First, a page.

Key Tips and How-Tos

Understand what is in it for them

Build relationships and communicate often

Instill a team spirit

Coach for success

Present growth opportunities

Continually recognize


Understand what is in it for them


  • Take the time to get to know your program personnel. Talk to them or have them complete a personal inventory providing you with information such as motivation for volunteering, personal interests and strengths and why they chose to teach the Arthritis Foundation programs.

  • See: Sample Personal Inventory tool

  • Solicit input about retention and recognition strategies from key program personnel or a task force consisting of active program leaders, instructors and trainers.


Build relationships and communicate often

  • Remember that first impressions count. Retention begins with your first contacts during recruitment and training.  Be friendly, welcoming and responsive to calls, and ensure that there is a good fit between the person and the tasks you want done.

  • See: Chapter 2.3: Resources on Recruiting Leaders and Instructors

  • Realize that any important relationship takes an investment of time and effort to maintain it over time.
  • Communicate throughout the year to keep people engaged. Use periodic e-mails, phone calls, newsletters, etc.

  • See: Examples from the Field to learn how the Arthritis Foundation Indiana, Michigan and Northeastern Ohio Chapters support their program personnel

  • Send cards for birthdays, anniversaries and other occasions. This will help to build a friendlier and more personal relationship, helping them feel you value them as people.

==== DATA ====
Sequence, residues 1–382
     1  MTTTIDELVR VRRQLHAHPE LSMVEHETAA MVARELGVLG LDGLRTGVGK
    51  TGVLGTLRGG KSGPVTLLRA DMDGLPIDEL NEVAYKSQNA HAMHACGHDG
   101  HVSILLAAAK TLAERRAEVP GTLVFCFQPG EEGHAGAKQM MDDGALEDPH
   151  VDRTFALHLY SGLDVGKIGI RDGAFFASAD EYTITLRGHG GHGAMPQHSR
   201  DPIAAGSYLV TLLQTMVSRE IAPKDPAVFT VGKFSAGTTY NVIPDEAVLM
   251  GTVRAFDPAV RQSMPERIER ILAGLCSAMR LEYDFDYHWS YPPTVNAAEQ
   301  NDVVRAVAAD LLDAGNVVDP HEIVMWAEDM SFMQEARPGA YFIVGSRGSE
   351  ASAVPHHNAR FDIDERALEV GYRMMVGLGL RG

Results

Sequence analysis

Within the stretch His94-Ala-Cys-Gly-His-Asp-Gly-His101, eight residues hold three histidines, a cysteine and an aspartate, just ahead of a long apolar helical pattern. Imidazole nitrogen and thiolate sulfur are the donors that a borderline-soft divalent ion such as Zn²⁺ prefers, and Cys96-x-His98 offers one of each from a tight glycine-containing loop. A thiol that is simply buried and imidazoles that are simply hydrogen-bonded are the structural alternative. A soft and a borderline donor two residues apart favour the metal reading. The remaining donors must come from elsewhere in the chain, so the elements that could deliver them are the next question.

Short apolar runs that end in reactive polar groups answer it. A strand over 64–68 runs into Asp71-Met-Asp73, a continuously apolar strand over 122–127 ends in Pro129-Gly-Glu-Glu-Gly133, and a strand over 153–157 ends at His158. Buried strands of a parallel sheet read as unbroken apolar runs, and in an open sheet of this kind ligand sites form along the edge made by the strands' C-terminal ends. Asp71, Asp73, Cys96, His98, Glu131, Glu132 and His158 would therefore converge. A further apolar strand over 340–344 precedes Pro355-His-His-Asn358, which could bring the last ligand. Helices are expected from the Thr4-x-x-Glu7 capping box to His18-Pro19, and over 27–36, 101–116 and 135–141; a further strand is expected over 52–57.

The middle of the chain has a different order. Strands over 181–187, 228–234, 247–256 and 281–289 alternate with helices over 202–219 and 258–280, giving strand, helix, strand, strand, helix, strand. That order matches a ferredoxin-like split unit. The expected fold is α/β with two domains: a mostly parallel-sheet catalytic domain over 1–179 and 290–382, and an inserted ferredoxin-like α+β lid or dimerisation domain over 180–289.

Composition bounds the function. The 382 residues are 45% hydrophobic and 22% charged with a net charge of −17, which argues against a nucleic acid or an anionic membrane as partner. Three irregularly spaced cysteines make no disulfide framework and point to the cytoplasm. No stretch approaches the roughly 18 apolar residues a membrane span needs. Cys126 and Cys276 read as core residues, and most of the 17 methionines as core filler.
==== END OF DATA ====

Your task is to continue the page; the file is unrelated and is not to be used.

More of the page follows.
• Allow them an opportunity to share their story, ideas and suggestions with you. This will not only help you get to know them better, but it also will provide them an opportunity to be heard and feel valued.
  • Know everyone’s name and how to spell and pronounce them correctly!

  • See: How To Retain Your Program Personnel tip sheet



Instill a team spirit

  • Share your passion for the mission of improving the lives of people with arthritis.
  • Help people feel important and instill a sense of pride and ownership. Educate all program personnel about how what they are doing contributes to improving the lives of people with arthritis. Share your goals. For example, how many people you are trying to reach? Show how they are playing an important part in helping to achieve those goals.
  • Make it fun to be a part of the program team!


Coach for success

  • Ensure all instructors and leaders clearly understand their roles and responsibilities and how they relate to staff roles. Have clear expectations about their commitments.

  • See: the Whose Job Is It? tip sheet for sample responsibilities

  • Contact newly trained individuals to provide support and encouragement.
  • Provide mentoring opportunities and other technical assistance as needed. For example, match a new trainer with a more experienced one, or have them co-train with an experienced trainer for the first training
  • Provide periodic networking and professional development opportunities.
  • Implement the certification process with all program personnel and provide recertification training.

  • See: the AF Certification and Recertification Requirements Tip Sheet

  • Track their activities. For example, record when they were trained and taught in Team Approach. This will help you monitor their activity level and workload and help you with your retention and recognition activities.
  • Give feedback. Report the results of periodic site-visits, any class participant feedback and compiled class statistics

  • See:  Chapter 2.9 Resources for Monitoring Reach and Chapter 2.10 Resources for Quality and Risk Management

  • Hold them accountable for their responsibilities, such as reporting class data.